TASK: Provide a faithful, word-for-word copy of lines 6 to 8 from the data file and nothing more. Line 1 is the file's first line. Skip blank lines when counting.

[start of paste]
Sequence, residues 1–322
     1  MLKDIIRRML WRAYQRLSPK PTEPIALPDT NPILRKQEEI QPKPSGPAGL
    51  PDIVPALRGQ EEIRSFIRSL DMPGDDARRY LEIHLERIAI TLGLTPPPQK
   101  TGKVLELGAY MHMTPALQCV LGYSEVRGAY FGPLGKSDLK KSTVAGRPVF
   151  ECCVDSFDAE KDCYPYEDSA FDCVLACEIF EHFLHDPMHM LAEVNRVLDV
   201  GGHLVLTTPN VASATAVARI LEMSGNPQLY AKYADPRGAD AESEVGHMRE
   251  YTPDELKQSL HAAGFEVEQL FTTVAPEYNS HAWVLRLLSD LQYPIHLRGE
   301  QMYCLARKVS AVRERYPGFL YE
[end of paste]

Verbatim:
   201  GGHLVLTTPN VASATAVARI LEMSGNPQLY AKYADPRGAD AESEVGHMRE
   251  YTPDELKQSL HAAGFEVEQL FTTVAPEYNS HAWVLRLLSD LQYPIHLRGE
   301  QMYCLARKVS AVRERYPGFL YE